Make Time to Update Technology

Trees are only one component in today's landscapes, yet they require frequent checkups and maintenance. Tree maintenance can be as simple as applying a bag of mulch or as complex as installing cabling systems and lightning protection. Because trees have become such valuable assets to our landscapes, monitoring and ensuring their health and existence has also become important. There have been many technological advances over the past several years that make scheduling tree maintenance much easier. At the same time, many technological advances make scheduling tree work a real problem, oftentimes a bigger problem than performing the actual work. To avoid the pitfalls of the latter, there are some important considerations to make. The first is to understand that there are benefits to using technology. The second is to understand the technology. Finally, we must bridge the gap between the technology available and the benefits it can provide to you, the end user.


The first question to ask yourself when weighing the benefits of using technology is: “Am I managing or simply reacting to problems?” Reacting to problems is a mode that all of us fall into from time to time. To optimize our time over the long term, we must take a proactive approach to management. This means we need to dictate our circumstances and not the other way around. Technology can help by allowing us to do the following:

  • Maintain accurate records

  • Track activities such as chemical usage

  • Maintain historical information

  • Generate accurate, timely reports to provide to other interested parties

  • Reduce duplication of effort

  • Eliminate performing maintenance to the wrong tree

  • Save time and money

One of the first topics I like to talk about when I discuss scheduling is flexibility. Too many times we think of scheduling as good for other types of businesses but not for our business. We think that maintaining trees sometimes has too many variables to allow for effective scheduling. That may be true, but only if you build a schedule that will not allow you to address the variables. By tracking and monitoring work, you will find that over time the number of variables and the severity of the variables will be greatly reduced.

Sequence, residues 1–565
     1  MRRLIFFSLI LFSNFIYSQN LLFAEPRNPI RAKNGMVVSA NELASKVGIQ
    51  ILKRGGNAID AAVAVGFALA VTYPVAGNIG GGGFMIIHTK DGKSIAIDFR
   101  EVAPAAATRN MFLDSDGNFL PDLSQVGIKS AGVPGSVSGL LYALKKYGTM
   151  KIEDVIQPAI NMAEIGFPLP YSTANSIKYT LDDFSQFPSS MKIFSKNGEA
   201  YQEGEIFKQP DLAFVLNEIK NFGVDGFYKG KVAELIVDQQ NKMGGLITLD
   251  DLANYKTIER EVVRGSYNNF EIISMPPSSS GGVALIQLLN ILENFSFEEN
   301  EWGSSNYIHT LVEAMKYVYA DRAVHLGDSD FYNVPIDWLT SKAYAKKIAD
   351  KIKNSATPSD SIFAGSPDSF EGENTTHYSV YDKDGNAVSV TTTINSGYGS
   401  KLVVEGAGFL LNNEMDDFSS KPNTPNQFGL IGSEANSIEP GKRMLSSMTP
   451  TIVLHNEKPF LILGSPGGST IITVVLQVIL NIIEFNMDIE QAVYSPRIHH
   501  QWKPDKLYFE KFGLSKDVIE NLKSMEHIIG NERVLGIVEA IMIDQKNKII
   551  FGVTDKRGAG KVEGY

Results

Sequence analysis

The simplest type of system (and some might even question whether or not it is even considered technology anymore) is a PC (personal computer) and a database. Although this sounds simple enough, there are some important considerations to make. The database is the brains of the entire system. Bad data and unorganized data can lead to bad decisions. This is not to say that good, organized data guarantees a good decision, but at least there is a better chance for a good decision. The quality of the decision will still rest on the shoulders of the decision maker. Many times managers think that once they have their system in place that they can take a ride on easy street. Remember that no matter how much technology you incorporate into your program, the electronics are only intended to be used for decision support.

Another database trap grounds care professionals fall into is that of trying to manage too much data. In the field they try to collect more data than is needed, but they figure they might as well collect it in case they may want it some day. Although this is something to consider, it is important to weigh the cost of data collection and data obstruction. You can have so much data that you can't ever find what you need. The amount of information computers can store is sometimes overwhelming. Pretend you do not have a computer and you only have your old filing cabinet and files. In those days, we were much better at database management because it was a matter of survival. The filing cabinet only had so much space, and we only had so much time to look for the data we needed. It is helpful to take that attitude forward to our current computer age. If you have some data that you don't use now but think you may some day, separate it out and put it somewhere that it won't get in your way.